There are a lot of tree trimming companies that will do this work here in the North County.  My neighborhood has lost several in the last few months, and most have been much larger than yours, so more challenging to remove.  I haven't personally had to pay for a palm removal, but know at least one of my neighbors used Bishops Tree Service, which is based in Encinitas last month to have their CIDP which was infested by the South American Palm Weevil removed.  There are several tree trimmers based in Vista that you can look up too. 

I'm sorry for your loss.  Sadly it is becoming a more and more common sight here in the North County to see mature CIDP's with the classic flat top telltale of an infestation.

Yes, you are 100% correct. It was awful ,and happened so quickly. Felix Pena Tree Services  removed the infected trees 2 days  after examination.

 What are we supposed to replace these with ?  Have you seen any other palms that do well, or any other "significant" tree that lends the same  stately beauty to ones landscape as these?

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On 2/24/2024 at 12:26 AM, TomJ said:

Where in Vista is this...   :blink:

 We are in the Buena Vista Creek area ,  in the neighborhood behind the Vista Historical Museum. Shockingly, driving up Foothill from the east, we saw 5 more that grow in the culvert also flattened out, the same week. I had just photographed that side of the road for its extreme beauty not a month before, and the palms appeared fine. 

 

 it is terrifying to to think what is going to happen to our quintessential Southern California landscape as these majestic trees are just poof! gone in one day . I am personally still having a hard time  getting over this, or even accepting that this happened on such a grand scale across  San Diego . It is truly shocking.

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1 hour ago, castlegate8 said:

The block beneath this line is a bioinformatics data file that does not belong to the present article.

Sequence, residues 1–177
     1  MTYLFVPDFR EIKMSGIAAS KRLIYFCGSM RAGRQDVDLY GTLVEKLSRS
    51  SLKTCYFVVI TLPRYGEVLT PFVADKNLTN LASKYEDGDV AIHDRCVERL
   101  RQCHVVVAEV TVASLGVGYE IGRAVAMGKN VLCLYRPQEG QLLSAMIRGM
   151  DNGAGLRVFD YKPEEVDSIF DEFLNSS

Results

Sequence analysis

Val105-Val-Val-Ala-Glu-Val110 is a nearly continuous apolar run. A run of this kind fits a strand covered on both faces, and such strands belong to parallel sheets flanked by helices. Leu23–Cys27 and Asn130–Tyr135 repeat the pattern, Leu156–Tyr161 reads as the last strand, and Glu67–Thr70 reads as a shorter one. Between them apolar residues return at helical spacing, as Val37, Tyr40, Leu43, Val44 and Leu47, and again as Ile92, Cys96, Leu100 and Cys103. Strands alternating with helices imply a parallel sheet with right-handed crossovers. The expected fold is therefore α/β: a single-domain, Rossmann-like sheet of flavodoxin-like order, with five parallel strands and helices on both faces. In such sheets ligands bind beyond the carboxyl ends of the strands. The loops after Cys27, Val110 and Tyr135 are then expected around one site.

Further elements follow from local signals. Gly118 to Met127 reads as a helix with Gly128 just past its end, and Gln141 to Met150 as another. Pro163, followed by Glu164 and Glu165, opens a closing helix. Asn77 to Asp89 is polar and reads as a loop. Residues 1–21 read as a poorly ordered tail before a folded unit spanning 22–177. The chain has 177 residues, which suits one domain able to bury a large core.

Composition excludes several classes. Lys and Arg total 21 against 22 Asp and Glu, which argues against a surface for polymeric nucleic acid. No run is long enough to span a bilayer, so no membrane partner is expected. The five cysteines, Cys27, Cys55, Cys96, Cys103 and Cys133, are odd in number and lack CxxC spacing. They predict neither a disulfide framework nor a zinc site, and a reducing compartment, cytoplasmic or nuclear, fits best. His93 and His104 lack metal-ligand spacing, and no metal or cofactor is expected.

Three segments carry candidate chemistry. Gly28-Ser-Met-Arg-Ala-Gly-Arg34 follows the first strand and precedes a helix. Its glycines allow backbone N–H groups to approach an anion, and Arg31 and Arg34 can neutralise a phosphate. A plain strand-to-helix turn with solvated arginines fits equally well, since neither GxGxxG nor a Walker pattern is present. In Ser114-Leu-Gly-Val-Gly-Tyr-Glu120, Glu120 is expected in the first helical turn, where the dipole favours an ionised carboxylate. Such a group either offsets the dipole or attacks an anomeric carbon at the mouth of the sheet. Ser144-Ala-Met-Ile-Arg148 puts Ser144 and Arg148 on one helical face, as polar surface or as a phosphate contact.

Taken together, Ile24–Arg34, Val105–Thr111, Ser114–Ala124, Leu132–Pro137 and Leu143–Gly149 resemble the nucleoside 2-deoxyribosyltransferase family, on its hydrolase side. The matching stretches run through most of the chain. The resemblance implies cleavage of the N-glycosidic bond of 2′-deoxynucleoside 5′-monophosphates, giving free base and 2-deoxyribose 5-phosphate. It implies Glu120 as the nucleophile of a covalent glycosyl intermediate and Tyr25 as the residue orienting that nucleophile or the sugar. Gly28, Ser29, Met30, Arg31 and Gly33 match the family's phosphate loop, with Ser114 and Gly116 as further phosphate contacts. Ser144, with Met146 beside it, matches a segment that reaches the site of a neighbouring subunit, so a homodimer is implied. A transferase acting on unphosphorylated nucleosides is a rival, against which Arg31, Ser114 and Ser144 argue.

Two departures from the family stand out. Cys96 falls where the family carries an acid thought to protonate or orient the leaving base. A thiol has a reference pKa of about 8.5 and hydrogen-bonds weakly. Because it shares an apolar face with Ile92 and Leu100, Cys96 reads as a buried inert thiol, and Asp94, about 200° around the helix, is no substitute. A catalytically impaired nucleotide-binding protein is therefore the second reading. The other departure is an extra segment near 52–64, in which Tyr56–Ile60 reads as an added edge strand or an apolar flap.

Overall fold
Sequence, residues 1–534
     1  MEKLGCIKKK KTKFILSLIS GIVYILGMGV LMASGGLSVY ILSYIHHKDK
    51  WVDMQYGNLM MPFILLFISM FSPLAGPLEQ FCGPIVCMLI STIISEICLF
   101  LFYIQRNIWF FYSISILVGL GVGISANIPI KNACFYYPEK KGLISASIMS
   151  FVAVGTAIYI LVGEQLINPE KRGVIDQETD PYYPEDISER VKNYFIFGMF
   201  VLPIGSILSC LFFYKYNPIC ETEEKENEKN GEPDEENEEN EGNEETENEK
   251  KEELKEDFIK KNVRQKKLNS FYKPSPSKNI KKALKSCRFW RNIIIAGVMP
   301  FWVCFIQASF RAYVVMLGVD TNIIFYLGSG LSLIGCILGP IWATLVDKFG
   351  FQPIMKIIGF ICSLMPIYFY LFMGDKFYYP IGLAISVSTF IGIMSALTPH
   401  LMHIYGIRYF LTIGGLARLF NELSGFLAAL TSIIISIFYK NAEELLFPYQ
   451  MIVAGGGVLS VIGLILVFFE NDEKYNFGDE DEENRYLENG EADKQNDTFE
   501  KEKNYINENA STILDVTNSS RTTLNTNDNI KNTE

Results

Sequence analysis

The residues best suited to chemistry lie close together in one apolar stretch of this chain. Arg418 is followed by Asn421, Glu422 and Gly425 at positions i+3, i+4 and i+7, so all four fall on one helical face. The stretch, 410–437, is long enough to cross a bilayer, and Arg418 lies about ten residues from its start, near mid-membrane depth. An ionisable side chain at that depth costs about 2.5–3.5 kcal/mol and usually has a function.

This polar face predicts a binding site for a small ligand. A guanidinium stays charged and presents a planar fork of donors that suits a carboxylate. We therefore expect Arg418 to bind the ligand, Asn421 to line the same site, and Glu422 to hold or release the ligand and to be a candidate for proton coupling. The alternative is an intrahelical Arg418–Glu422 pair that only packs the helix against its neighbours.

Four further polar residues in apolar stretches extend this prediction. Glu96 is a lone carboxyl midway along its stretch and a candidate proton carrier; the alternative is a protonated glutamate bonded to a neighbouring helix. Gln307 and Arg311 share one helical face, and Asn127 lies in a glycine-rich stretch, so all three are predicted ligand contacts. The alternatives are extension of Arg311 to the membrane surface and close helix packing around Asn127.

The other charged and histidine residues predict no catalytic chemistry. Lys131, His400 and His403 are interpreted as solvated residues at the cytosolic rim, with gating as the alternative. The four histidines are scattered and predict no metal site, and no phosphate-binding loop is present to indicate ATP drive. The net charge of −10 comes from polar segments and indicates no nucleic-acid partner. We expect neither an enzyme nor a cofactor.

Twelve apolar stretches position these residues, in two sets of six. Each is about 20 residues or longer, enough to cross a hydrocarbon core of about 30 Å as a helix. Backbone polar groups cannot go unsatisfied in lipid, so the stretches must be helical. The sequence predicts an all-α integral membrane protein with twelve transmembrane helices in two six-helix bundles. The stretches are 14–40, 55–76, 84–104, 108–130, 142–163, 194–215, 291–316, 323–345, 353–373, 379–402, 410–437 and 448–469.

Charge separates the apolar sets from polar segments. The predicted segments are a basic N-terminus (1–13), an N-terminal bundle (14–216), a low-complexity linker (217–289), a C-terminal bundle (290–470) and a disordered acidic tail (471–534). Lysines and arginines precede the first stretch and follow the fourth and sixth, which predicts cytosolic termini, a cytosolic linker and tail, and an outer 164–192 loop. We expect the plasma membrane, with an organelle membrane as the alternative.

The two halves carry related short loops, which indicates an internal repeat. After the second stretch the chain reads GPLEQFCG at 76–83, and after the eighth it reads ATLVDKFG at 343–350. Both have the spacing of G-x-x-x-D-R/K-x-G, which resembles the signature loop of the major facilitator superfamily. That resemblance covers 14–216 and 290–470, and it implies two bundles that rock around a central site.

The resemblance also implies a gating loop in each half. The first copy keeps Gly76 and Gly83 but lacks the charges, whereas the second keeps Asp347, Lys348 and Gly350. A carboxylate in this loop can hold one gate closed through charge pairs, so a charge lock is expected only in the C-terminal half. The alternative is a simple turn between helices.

What are we supposed to replace these with ?  Have you seen any other palms that do well, or any other "significant" tree that lends the same  stately beauty to ones landscape as these?

The answer isn't simple.  First, it takes time for any palm or tree to get to that size.  Some that grow fast, just turn into an ongoing maintenance issue, in that the initial speed of growth will require either trimming and/or an abundance of leaf litter (palm or conventional tree).  There are some beautiful large palm species you can use, but while not the first choice of the South American Palm Weevil, they may still be susceptible and will take some patience to gain any substantial size.  I'm thinking of Bismarckia nobilis and Jubea chilensis, which you can look up on these pages to see some spectacular examples.  A group planting of some other palms, or one of the clumping palm species might also provide a nice statement.  For the group planting, 3 Chambeyronia oliviformis would be my selection, since this is a full sun spot in Vista.  Clumping palms from the Chrysalidocarpus genus (onilahensis, rufescens or pembanus).

If you wanted something novel and large without a lot of need for maintenance, consider one of the tree Aloes, now reclassified as Aloidendron, such as Aloidendron bareberae, Aloidendron dichotomum or the hybrid of the two known as Aloidendron Hercules.  These have the added advantage of being more drought tolerant and appreciate full sun.

If you are adventurous, consider one of the large Cycad species from the genus Encephalartos (laurentianus, whitelockii or ituriensis).  Don't expect immediate gratification without time and some money for this family of plant's which are often confused with palms (think "Sago Palm" which is actually a Cycad named Cycas revoluta).

Remember that the palms you lost were not young and took time to get to their stature, so replacing them will take the requisite time and/or money tradeoff to find large specimens.  Good luck and don't rush your search for replacements.

 

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33.0782 North -117.305 West  at 72 feet elevation

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Coming to the OC, LA Riverside and SBDO.

😭

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Castlegate8, It is good you tried to kill any larva present. Vista is such a great place to grow palms. If you want a grand statement you might consider a Caryota . But beware they get really big. Some people who put them in regret the choice . I happen to like the Parajubaeas and they like Vista and grow pretty fast but I fear the palm Weevils will target them. 
Sorry for the grand palms going down.